My wife recently placed an order online for a few games and Viscounts of the West Kingdom needed to be one of the games.
This game made it into our The Best New Board Game Releases for your 2020 Holiday Shopping list for many reasons. Since we love the other two “West Kingdom” games so much, this was a no brainer to add to our order.
We have been anxiously anticipating the third game in this series. Since it was ordered we watched the tracking impatiently, frothing at how excited we are to try this game. When it finally arrived we immediately pulled it out of the box and dashed to the game table.
- Players: 1-4
- Playtime (with Setup): We find it between 90 and 120 minutes
- Publisher: Renegade Game Studios
- Designer: Shem Phillips and S J Macdonald
What’s in the Box
The box feels small, but it’s packed with components. Like the other games in this series I see plenty of cards, meeples, punch boards, and various other bits.
One thing that I noticed immediately is that there is no standard game board with this game. I knew that it was going to end up building a round game board, which is mostly on the punch boards. The center bit is a plastic castle fortress looking piece that binds all of the punch board segments together. When they are combined, they make a very cool looking gaming board.
Each player will be given a small mountain of wooden meeples. The coolest of these is a figure riding a horse and carrying a banner. This will be your main pawn that you move around the game board. There are three different building types, represented by their own unique pieces. Finally, you have 20 worker pieces that are strictly used to be placed on the round castle in the center of the board.
There are four resources in the game: Gold; Stone; and Ink Wells, all wooden bits. There are plenty of coins included in the punch boards. All of these components are functional.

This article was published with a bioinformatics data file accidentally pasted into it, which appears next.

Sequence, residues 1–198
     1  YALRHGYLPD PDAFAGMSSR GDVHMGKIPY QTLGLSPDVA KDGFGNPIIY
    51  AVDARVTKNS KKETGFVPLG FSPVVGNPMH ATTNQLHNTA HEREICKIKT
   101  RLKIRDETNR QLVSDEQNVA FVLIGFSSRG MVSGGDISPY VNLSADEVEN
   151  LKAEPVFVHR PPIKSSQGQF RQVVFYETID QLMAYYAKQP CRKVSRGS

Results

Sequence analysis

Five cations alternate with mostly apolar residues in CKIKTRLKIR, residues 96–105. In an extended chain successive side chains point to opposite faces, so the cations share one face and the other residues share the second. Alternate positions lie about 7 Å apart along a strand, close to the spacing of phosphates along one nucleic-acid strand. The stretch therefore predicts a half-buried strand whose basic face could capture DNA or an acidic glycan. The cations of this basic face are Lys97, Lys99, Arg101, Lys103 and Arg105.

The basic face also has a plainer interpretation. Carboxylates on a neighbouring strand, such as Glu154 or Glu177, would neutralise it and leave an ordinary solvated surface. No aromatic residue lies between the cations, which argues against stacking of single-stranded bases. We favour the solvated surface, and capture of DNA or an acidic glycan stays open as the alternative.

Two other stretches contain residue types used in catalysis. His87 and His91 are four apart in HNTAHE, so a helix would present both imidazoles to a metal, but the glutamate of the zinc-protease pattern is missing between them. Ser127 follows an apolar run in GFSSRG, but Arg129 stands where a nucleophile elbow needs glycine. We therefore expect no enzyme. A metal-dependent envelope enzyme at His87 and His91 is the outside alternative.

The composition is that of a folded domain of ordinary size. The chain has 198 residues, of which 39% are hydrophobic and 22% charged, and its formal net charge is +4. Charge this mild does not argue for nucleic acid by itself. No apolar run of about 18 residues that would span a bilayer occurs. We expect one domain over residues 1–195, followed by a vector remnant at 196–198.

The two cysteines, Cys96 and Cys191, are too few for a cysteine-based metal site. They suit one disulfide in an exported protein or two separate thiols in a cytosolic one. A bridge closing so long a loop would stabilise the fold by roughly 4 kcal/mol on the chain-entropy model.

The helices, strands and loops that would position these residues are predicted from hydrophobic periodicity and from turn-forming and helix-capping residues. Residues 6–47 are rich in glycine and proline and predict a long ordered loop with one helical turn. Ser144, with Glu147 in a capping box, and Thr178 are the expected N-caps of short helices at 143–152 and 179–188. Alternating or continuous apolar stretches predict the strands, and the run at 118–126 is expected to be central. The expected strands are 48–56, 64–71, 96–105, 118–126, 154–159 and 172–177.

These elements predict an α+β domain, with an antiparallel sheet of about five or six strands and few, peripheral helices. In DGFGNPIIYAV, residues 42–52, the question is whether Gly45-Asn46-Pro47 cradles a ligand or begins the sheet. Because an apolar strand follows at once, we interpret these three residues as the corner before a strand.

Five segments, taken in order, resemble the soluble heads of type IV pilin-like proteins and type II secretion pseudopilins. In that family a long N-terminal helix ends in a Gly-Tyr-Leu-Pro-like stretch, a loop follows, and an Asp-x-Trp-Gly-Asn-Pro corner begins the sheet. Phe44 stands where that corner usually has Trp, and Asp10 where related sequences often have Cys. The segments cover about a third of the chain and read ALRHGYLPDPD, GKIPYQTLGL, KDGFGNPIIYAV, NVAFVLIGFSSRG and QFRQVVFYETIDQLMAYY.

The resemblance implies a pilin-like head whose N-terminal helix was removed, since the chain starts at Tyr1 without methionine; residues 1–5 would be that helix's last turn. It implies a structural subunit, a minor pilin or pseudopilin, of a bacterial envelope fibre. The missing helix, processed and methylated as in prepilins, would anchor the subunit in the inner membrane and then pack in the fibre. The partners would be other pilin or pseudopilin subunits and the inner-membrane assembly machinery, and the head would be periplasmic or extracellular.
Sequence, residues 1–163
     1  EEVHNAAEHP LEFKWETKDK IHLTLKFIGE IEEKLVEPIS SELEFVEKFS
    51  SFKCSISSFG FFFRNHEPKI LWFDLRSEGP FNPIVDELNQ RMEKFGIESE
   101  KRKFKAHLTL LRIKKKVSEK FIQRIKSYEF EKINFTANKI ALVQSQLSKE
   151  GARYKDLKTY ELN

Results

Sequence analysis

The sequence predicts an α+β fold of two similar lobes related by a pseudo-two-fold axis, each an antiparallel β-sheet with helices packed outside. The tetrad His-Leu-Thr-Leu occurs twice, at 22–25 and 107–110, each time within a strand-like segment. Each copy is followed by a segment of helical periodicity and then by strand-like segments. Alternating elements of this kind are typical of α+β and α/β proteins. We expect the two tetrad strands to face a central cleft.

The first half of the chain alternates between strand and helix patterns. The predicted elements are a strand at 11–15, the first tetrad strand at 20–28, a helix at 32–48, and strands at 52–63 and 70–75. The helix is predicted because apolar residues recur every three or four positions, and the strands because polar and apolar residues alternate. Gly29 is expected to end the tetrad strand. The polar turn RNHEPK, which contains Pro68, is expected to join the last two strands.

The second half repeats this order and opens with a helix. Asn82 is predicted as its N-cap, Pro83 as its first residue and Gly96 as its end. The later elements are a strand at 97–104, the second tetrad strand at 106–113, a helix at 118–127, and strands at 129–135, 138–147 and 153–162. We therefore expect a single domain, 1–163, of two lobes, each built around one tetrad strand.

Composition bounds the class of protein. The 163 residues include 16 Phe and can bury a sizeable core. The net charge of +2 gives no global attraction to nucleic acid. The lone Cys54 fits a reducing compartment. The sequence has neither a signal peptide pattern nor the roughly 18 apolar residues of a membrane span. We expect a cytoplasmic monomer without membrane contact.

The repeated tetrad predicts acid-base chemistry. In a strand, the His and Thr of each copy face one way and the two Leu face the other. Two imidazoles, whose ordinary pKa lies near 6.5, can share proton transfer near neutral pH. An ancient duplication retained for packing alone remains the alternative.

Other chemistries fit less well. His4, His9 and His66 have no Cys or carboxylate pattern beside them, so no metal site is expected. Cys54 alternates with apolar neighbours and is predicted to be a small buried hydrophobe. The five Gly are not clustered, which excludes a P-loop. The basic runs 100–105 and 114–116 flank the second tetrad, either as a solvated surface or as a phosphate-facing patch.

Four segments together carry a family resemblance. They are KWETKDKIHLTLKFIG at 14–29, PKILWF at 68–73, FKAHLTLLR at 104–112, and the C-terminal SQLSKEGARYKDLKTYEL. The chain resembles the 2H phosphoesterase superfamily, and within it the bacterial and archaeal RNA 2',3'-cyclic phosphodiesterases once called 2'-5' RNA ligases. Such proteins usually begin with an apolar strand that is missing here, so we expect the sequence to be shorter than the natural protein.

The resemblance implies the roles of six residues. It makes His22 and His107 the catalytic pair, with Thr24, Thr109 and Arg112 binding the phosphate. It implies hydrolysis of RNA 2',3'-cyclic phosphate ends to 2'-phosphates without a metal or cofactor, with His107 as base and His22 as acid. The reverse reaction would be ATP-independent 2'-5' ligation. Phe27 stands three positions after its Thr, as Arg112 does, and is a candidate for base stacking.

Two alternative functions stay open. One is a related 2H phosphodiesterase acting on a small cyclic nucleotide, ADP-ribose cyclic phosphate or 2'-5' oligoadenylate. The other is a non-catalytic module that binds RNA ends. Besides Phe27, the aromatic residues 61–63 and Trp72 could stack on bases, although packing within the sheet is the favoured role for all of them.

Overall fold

This is where I feel I am jaded a bit on component quality. I find the wooden tokens to not be that inspiring. While they function and look like what you would expect, the coloring and shapes are not inspiring. For game play, we will almost always go to our spare resource bins for much more interesting replacements.
As seems to be usual for this series, there are a ton of cards included with the game. The cards themselves are a bit smaller in size than your standard playing card. You will want 54×85 mm sleeves for the larger cards.
All of the cards have great art that is very in line with the series. It’s easy to tell which starting cards go to each player. Iconography can be a bit tough to keep up with, but the reference on the back of the rulebook is a great help. You may want to photocopy this so each player can have a quick reference to what all of the symbols mean.
The card quality does need to be mentioned. I haven’t noticed any of these issues with the other games in the series, but the cards in our copy seem to be made of very thin card stock. All of the cards, when we unboxed, had a slight bow to them. During shuffling of the cards the first time it was way to easy to bend the cards to the point that I was concerned about damaging them. I mentioned sleeves earlier, but make sure if you sleeve this game that the sleeves don’t slide easily. This will be important.
The player boards have a lot going on. It was daunting to sort out everything they are trying to tell you. I feel like this was a bit over done. Turn sequence and some of the action decoding, while good that it’s on the player board, could have been more easily established in a quick reference card or sheet.